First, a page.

Financial technology (fintech) is one of the most popular sectors for growth-oriented investors. Digitizing the global financial infrastructure has been a momentous task that has taken decades of investment and likely will require decades more of investment in the future. Leaders in the fintech industry can capture a lot of the value from these investments by offering software and payment services to individuals and businesses. 

One little-noticed fintech company has skyrocketed to the top of my watch list in recent years, and if you're interested in fintech stocks, I think it should move onto yours as well. The company is Adyen (ADYE.Y -3.75%), a Dutch payments processor that I believe is one of the highest-quality businesses in the world.

Here's why I like Adyen's business, but why I am not buying shares -- at least, not yet. 

What is Adyen?

Adyen's business started as a merchant acquirer for large companies in Europe. Some of its largest customers include Spotify and Uber

What is a merchant acquirer? This is an entity that sits in between the credit card networks, merchants, consumers, and card-issuing banks. Without getting too bogged down in the details, merchant acquirers like Adyen route all the relevant information to other stakeholders and authorize the approval or rejection of a card transaction at the time of each purchase. Adyen's merchant-acquiring software can be used by companies for in-person, online, and mobile application purchases, and it earns revenue by taking a small cut of every purchase made through its platform.

On top of its core merchant-acquiring business, Adyen has expanded up and down the payments value chain. It now offers online checkout and in-person point-of-sales (POS) services, credit card issuing, revenue optimization, and many other value-added services. It also has slowly moved its products to work in international markets such as the U.S., where it got full approval to operate in late 2021. The company wants to become a one-stop shop for merchants' digital payment needs.

Better authorization rates than competitors

The key value-add that merchant acquirers provide is high authorization rates for their merchant customers. In simpler terms, a good merchant acquirer is one where the majority of credit card transactions that should get approved do get approved. If Spotify can process 95% of credit card transactions around the world with one merchant acquirer, compared to only 90% with another, that is a huge difference in the amount of revenue it can earn.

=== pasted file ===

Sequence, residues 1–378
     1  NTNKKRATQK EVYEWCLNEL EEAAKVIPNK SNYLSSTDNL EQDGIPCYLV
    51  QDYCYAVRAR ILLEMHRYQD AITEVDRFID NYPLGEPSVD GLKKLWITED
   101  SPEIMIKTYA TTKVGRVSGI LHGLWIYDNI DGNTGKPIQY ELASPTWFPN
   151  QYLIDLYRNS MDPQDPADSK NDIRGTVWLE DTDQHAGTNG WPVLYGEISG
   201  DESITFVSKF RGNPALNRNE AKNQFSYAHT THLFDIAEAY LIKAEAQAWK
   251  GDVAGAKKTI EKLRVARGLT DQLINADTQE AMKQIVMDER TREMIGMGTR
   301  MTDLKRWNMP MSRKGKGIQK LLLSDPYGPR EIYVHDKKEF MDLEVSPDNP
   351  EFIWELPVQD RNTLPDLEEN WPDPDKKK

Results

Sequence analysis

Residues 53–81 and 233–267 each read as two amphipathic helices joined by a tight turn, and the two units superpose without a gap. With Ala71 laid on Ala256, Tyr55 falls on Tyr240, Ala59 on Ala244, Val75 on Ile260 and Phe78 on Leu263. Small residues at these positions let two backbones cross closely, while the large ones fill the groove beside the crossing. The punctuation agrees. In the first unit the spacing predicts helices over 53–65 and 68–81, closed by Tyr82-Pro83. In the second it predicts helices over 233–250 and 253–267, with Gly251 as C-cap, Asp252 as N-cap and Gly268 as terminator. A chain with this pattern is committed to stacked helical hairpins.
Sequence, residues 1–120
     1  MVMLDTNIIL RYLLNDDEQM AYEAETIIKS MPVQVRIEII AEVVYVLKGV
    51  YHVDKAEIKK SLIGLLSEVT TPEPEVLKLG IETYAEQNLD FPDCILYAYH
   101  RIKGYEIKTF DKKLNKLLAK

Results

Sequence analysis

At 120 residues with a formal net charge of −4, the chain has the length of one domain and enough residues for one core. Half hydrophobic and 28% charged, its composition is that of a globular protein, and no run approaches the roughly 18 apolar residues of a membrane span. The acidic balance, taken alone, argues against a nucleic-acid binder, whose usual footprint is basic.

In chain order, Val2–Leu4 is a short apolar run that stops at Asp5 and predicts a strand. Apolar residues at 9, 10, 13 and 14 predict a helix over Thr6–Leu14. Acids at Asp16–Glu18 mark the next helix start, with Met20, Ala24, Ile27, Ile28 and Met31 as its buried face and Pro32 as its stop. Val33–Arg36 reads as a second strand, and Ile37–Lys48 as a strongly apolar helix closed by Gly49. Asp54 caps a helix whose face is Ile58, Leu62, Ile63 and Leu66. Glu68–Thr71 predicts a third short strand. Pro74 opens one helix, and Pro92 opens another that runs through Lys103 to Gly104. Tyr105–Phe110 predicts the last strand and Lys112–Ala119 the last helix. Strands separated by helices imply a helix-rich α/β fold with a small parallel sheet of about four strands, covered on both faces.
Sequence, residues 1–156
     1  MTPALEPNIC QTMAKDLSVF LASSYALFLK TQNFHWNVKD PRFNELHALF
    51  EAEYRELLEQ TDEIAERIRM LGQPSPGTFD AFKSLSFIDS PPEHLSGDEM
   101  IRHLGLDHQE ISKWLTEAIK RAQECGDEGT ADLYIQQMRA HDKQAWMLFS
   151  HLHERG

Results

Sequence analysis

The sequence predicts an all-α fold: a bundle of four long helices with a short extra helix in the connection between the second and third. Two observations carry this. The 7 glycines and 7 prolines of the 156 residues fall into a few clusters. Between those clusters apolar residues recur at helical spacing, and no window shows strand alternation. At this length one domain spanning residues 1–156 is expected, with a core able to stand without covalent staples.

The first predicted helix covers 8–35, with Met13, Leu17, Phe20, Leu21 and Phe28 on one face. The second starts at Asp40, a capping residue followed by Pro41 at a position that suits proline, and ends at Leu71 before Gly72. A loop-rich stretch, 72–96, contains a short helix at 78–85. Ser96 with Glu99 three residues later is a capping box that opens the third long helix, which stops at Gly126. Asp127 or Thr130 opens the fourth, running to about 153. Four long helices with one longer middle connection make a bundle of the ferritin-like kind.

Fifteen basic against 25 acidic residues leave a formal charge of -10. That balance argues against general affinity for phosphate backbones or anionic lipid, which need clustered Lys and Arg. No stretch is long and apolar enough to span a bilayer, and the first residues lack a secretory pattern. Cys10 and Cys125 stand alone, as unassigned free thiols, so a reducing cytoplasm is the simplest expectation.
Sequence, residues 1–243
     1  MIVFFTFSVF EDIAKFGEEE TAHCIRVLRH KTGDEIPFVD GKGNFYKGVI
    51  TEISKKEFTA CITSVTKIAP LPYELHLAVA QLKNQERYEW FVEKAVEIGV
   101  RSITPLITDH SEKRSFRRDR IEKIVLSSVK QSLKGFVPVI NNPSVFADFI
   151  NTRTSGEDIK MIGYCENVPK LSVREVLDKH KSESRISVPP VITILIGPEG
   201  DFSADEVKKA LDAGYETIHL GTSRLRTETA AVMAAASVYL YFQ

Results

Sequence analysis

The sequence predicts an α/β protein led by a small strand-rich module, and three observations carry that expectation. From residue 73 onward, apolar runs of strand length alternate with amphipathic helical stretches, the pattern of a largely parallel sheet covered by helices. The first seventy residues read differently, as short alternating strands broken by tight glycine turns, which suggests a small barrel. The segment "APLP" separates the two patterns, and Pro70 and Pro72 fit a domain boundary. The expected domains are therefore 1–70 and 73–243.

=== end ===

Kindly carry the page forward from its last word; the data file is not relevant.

Adyen is well known as the merchant acquirer with the highest authorization rates. This has helped the company win contracts from large companies such as sandwich chain Subway, where just small changes in authorization rates can mean huge changes in revenue generation.

But why is Adyen better? Simply, it built up its fintech services from scratch with 21st-century technology, while its main competitors are an amalgamation of acquisitions built from separate code bases that have a difficult time working seamlessly together. This allows the company to easily win contracts away from legacy providers, even though Adyen (generally) has higher fees.

Higher authorization rates give Adyen a competitive advantage within the merchant acquirer niche. It continues to widen its moat by expanding internationally (this is a huge value for its multinational clients) and adding on the other services mentioned above like POS solutions, analytics, and card issuing. As the company continues to invest in these new services and expand its geographical footprint, I think this moat can widen over the next five years and further separate Adyen from the competition.  

Valuation is steep, but don't lose track of this one

Because it has gained market share, Adyen's revenue and earnings grew at an impressive rate in the past few years. In 2022, its net revenue rose to $1.41 billion from $581 million in 2019 and $218.3 million in 2017. The company has wide profit margins, generating an EBITDA (earnings before interest, taxes, depreciation, and amortization) margin of 55% last year. Over the long term, management thinks it can hit an EBITDA margin of 65%.

Although growth and profitability have been impressive at Adyen, the stock trades at a nosebleed valuation. With a market cap close to $44 billion, shares trade at about 50 times trailing EBITDA, which is much higher than the market average.

Does Adyen deserve a premium earnings multiple? I think so, but probably not double or triple the market average that it goes for now. From my seat, this makes Adyen stock one you shouldn't buy today, but a great business that should go on the watch list. If its earnings multiple comes down materially at some point within the next few years, that will be the time to strike.